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#1 ShaneXman Mar 10, 2012 05:59 PM

Help with Bearing Maintenance - Cleaning, Re-Lubing, etc.
 
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How's it going guys? Well, I recently picked up another mCP X with MicroHeli (3-Bearing) frame, and I decided to tear it down and give it a good maintenance rundown.

With that said, when I pulled everything apart, I noticed the bearings were extremely dirty. Before reassembling, I would like to give the bearings a THOROUGH cleaning and re-lubing.

Any and all help, input, thoughts, recommendations and suggestions are welcome. I want to purchase the right tools, chemicals, etc. for the job, so I can do it right the first time. Please post up links, pictures, descriptions, etc.

Thanks in advance! :D


-Shane

#2 Username> Mar 10, 2012 06:42 PM

Get yourself a bearing blaster.
I regularly used mine when cleaning car bearings that got dusty and mucky.
Buy a bearing blaster, spray into it with motor cleaner, re-lube the bearing with Triflow or similar, then wipe off the excess with a microfibre cloth.
Alternatively, just buy new bearings as they're inexpensive anyway.
Many closed bearings can also be opened up and maintained, but i've only done this with rubber sealed and not metal sealed as used on most heli's.

#3 ShaneXman Mar 10, 2012 08:13 PM

Quote:

Originally Posted by damo666 (Post 20997538)
Get yourself a bearing blaster.
I regularly used mine when cleaning car bearings that got dusty and mucky.
Buy a bearing blaster, spray into it with motor cleaner, re-lube the bearing with Triflow or similar, then wipe off the excess with a microfibre cloth.
Alternatively, just buy new bearings as they're inexpensive anyway.
Many closed bearings can also be opened up and maintained, but i've only done this with rubber sealed and not metal sealed as used on most heli's.

damo,

Great advice. If you don't mind me asking, which "Bearing Blaster" is the globally preferred version. I did a quick search, and there are a number of different manufacturers. More specifically, which one works best with the size bearings we deal with on the micro-helis?

Additionally, I continuously hear people talking about "Tri-Flow", but would you happen to know the preferred form? I know they sell it in drip bottle, aerosol, grease, etc., and they also sell a new Soy based one, and others. Would you mind posting up a link so I can be sure it's the correct one?

I thought about purchasing new bearings, or even purchasing upgraded bearings from Boca Bearings or other. But at $13 PER BEARING, I think I'll pass. Are there other bearings that are more reasonably priced that you would recommend?

Sorry for all of the questions, and I appreciate you taking the time to answer. Cheers! :)


-Shane

#4 i812 Mar 10, 2012 10:54 PM

Quote:

Originally Posted by ShaneXman (Post 20998238)
...
I thought about purchasing new bearings, or even purchasing upgraded bearings from Boca Bearings or other. But at $13 PER BEARING ...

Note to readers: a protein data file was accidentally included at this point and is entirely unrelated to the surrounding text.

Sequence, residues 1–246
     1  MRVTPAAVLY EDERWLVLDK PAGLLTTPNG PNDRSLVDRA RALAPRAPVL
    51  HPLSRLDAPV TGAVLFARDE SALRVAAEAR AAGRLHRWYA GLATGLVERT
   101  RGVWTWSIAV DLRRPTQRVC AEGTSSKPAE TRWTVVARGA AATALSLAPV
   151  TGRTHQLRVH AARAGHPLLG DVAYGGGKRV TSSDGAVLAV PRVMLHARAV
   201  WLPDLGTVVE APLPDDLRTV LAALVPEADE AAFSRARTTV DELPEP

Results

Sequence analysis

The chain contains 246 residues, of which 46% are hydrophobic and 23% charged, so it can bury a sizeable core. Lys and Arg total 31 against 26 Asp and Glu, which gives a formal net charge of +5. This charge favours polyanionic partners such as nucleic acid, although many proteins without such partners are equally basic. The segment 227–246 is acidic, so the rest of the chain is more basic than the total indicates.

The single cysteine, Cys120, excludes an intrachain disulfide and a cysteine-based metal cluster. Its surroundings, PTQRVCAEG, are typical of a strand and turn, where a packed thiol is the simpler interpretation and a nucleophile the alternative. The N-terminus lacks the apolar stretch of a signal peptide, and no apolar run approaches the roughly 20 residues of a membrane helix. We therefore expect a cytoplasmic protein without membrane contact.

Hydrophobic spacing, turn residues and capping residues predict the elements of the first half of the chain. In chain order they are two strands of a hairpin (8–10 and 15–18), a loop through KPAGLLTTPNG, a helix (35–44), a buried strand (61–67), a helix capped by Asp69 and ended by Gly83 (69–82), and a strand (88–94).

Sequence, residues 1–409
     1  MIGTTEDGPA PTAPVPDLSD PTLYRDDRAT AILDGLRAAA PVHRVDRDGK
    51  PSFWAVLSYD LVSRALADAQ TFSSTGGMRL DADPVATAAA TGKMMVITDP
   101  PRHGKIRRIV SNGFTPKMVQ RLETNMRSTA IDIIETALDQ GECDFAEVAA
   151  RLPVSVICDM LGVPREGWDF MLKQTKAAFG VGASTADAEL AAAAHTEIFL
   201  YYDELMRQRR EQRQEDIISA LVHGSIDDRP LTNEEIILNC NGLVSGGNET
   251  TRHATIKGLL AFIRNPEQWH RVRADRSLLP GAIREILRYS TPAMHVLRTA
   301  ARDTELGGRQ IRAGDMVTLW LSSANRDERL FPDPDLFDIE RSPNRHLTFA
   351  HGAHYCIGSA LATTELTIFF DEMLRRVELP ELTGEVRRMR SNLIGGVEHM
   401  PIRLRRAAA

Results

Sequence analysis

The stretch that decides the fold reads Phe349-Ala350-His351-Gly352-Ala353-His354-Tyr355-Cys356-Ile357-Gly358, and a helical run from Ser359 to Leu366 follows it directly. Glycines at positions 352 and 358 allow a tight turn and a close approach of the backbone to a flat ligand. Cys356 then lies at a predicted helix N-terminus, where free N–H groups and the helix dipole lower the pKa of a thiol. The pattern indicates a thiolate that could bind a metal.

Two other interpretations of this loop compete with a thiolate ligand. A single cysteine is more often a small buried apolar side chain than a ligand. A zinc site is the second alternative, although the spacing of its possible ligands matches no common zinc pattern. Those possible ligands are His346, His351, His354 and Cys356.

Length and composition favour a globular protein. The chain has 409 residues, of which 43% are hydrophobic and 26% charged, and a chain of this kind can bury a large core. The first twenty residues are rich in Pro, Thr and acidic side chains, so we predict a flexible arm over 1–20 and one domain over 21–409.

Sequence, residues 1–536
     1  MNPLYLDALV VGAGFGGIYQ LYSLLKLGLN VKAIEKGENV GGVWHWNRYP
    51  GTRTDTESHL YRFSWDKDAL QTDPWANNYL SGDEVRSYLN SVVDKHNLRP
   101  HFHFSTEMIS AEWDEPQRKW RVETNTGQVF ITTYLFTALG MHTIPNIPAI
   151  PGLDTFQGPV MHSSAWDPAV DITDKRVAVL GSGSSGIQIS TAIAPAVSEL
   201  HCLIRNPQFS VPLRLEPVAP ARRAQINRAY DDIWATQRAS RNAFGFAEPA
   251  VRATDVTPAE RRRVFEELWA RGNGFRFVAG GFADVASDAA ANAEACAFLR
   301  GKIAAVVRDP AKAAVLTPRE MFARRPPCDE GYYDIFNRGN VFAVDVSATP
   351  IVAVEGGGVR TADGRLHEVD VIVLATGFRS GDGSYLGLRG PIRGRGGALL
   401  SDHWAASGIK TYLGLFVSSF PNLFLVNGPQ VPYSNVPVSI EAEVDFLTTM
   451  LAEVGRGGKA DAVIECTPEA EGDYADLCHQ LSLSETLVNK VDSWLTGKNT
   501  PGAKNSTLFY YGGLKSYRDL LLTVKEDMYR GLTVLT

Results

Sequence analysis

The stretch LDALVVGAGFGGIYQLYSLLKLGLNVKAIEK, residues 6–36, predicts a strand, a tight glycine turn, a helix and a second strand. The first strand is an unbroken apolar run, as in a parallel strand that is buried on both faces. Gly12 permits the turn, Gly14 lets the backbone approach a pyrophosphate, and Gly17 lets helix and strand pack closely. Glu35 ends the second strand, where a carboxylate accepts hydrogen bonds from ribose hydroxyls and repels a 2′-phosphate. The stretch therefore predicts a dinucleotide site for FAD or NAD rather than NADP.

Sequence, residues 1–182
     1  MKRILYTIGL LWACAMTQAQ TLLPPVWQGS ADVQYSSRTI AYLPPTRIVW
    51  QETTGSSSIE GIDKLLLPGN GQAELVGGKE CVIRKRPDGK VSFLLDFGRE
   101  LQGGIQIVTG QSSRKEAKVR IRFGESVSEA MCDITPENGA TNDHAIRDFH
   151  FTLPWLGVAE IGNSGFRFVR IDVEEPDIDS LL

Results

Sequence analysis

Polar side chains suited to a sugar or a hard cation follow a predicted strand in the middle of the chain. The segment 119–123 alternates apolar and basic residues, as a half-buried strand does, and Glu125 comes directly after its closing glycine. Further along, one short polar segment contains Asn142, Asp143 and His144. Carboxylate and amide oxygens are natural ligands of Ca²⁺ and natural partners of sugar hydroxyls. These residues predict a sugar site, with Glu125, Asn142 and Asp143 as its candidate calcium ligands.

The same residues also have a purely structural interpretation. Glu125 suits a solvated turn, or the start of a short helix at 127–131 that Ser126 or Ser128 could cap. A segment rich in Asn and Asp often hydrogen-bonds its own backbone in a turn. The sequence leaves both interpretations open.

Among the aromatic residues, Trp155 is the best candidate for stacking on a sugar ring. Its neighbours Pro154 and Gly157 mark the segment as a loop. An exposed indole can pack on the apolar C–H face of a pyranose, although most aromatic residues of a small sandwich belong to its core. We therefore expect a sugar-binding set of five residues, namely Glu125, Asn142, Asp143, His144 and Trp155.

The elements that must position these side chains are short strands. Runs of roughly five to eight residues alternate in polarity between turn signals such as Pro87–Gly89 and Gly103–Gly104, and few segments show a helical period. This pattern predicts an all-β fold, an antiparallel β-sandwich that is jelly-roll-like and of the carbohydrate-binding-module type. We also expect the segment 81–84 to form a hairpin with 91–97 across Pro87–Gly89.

If Boca can manage to stay in business for a long time by specializing at nothing else but bearings, then I'd be inclined to think that someone (a PHD type) at Boca knows more about Bearings than your average Joe in this Forum.

Maybe someone should check Boca's website, to see if they have any maintenance recommendations? If not, maybe a phone call may come up with valuable info?

#5 Username> Mar 10, 2012 11:00 PM

I've not had to clean any of my Heli bearings from dirt and grime, but I used an RPM bearing blaster ( RPM #81170 ).
It was used primarily to clean 5x11x4 wheel bearings in my Trucks and buggies, but i'm sure it would be great for smaller heli ballraces.
They're only about a fiver ($8) and are handy to have.
With regards replacement bearings; I buy mine from rcbearings over here in the UK.
I've found them to be cheap and of better quality and UBEC (Tolerance) than most stock bearings (particularly Walkera and Traxxas ones).
BTW.. I use the Triflow needle point pen dispenser as it's good for those hard to reach parts in our sub micro heli's.

#6 benmlee Mar 12, 2012 11:01 PM

Word of caution on motor cleaner or other high power solvent, be sure to use rubber gloves or keep your fingers away. I read from r/c cars forum that over time, it drys out your hand to an ugly mess.

As you get older, fingers dry out, and is harder to pick up small things. With dry skins, it will actually tear easily when you try to apply too much force or scrape it. So protect your hand so you don't regret it latter on.

#7 ShaneXman Mar 15, 2012 10:39 PM

Quote:

Originally Posted by i812 (Post 20999542)
If Boca can manage to stay in business for a long time by specializing at nothing else but bearings, then I'd be inclined to think that someone (a PHD type) at Boca knows more about Bearings than your average Joe in this Forum.

Maybe someone should check Boca's website, to see if they have any maintenance recommendations? If not, maybe a phone call may come up with valuable info?

Ok, so I talked to Boca Bearing directly, and their instructions were as follows:

"Soak the bearing in brake cleaner overnight."

That was it! :rolleyes:

I asked if re-lubing was necessary and he said "No.". However, if I wanted to re-lube I could use ""High Speed Oil".

Just thought I'd report back. :D


Quote:

Originally Posted by Username> (Post 20999587)
I've not had to clean any of my Heli bearings from dirt and grime, but I used an RPM bearing blaster ( RPM #81170 ).
It was used primarily to clean 5x11x4 wheel bearings in my Trucks and buggies, but i'm sure it would be great for smaller heli ballraces.
They're only about a fiver ($8) and are handy to have.
With regards replacement bearings; I buy mine from rcbearings over here in the UK.
I've found them to be cheap and of better quality and UBEC (Tolerance) than most stock bearings (particularly Walkera and Traxxas ones).
BTW.. I use the Triflow needle point pen dispenser as it's good for those hard to reach parts in our sub micro heli's.

Thank you for the recommendation, including manufacturer and part number. :p

I ended up purchasing the RPM Bearing Blaster from my LHS, along with some Nitro Engine Clean (which also states that it's safe for bearing cleaning) to use with the Bearing Blaster. The Tri-Flow needle point pen dispenser will be my lube of choice as well, and I think I'll be all set.